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Paraphrased from the Burlington, Iowa Weekly
Hawk-Eye May 10 1859 by Patricia Sheldon

Submitted by Site visitor and contributor Patricia Sheldon.
Thank you Pat

Harrowing Details of the St. Nicholas Disaster - Statement of James Reed –
Pilot of the St. Nicholas Disaster -

We left Memphis at 4 P.M. last Sunday and proceeded down the river without stopping either engine until we arrived at foot of St. Francis Island about 10 o’clock the same night at which place the explosion took place. The captain was the only person with me in the pilot-house at the time. We were both at the wheel. I remember distinctly of hearing a report like that of a cannon and instantaneously felt myself moving through the air. When I recovered my senses, I found myself down among the boilers. When the steam and smoke cleared away a little, I commenced crawling toward the roof; in doing so I came across Captain McMullan, lying with his right foot under the hurricane roof, pilot house, and a lot of other rubbish, which had been thrown together in one common work by the explosion. His right foot and ankle was wedged in tightly by this heavy mass of lumber. He hailed me and I stopped to assist him, at the same time I called the second mate, whom I saw near at hand to my assistance and we both tried all the means in our power to release him. One of the striker engineers came to our assistance but the three of us failed to extricate him from his awful position. The flames were rapidly encroaching upon our territory …We worked at the Captain until the fire drove us away…He was consumed by the flames almost before our eyes. I left Capt. McMullan a few minutes before the others did, and succeed in reaching the ladies cabin before the fire closed up the way of escape. The others finding it impossible to follow me jumped into the river. During the time I was at work trying to save Captain McMullan the mate brought the yawl forward to try and put the fire out, but the yawl filled up with men, deck hands and firemen. While there the yawl also picked up Capt. Ben Glime from under the ruins and took him aboard the Susquehanna – By this time Capt. McMullan was completely enveloped in flames.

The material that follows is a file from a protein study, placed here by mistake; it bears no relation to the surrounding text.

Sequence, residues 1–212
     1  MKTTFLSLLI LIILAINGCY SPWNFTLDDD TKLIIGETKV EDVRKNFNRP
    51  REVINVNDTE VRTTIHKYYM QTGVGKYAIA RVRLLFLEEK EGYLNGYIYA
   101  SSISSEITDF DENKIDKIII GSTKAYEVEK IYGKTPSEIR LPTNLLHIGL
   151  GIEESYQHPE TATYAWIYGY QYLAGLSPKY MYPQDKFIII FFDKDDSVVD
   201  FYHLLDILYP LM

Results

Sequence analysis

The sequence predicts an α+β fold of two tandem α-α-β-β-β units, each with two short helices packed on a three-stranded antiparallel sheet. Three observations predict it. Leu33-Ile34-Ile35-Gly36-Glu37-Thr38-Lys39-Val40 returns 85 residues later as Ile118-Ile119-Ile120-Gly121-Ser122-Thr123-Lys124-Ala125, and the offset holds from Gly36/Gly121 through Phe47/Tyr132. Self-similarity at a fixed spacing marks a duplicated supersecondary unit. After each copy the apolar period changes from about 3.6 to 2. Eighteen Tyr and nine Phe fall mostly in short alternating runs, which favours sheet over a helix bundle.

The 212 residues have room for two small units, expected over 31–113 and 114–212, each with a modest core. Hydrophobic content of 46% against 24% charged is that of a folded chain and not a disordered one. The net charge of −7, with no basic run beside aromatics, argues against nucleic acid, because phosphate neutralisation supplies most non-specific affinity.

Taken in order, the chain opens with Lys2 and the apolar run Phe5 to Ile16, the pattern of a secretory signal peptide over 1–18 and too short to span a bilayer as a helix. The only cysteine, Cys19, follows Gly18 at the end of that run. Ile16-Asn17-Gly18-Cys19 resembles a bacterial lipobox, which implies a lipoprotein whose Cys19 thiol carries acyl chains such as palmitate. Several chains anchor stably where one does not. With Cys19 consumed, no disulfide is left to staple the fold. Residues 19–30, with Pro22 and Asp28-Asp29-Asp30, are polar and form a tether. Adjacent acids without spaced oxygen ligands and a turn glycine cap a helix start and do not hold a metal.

I reached the ladies cabin and found the ladies huddled together noting, frantically screaming for assistance and weeping bitterly. Mrs. Glime was there crying aloud for her husband. I told her I had not seen him which I had not at that time for I did not learn until afterwards that he had been picked up by the yawl. I told the ladies to go down to the main deck, and get away back to the stern of the boat. I preceded them and when we reached the deck room we had to jump eight feet on the main deck. When I got them down there, I told them to remain until I could go up and throw the life-boat overboard. I went up on the roof and there found my partner, Edward Stevens, who assisted me to throw the life-boat overboard. When I reached the lower guard, I looked for the lifeboat where I expected I should find it, but it was gone. During all this time, there was a great many people jumping into the river. It was perfectly horrible.

I jumped back to the ladies guard, and got five or six doors and gave one to each lady. They also had on life preservers around them. I told them not to jump overboard until the fire chased them away; The party of ladies were five in number. They were begging me to stay with them and when necessity obliged us to jump overboard to allow them to cling to me. I was telling them that such a course would be impossible when I saw the yawl of the Susquehanna leave that boat and come toward us. I told them to hold on and they would be saved by the yawl. I then went around to the other guard to bring the Susquehanna yawl around to the ladies before it got filled up with men. After waiting a short time I jumped overboard in order to swim to the yawl. When I got into the river, and had a good chance to look about, I saw the yawl going back to the Susquehanna nearly sinking with water. I was unable to swim back to where I left the ladies and tried to swim around the bow of the boat and came across a shelf of wood which was of assistance to me. I soon managed to get around so as to obtain a view of the boat, which I found cleared of all the ladies. They had gone and the guard was all in a blaze. That is the last I saw of them except for Mrs. Kennedy who had jumped overboard and held on to a ring bolt in the hull . She held until a skiff took her away. Her shoulders and arms were badly burnt.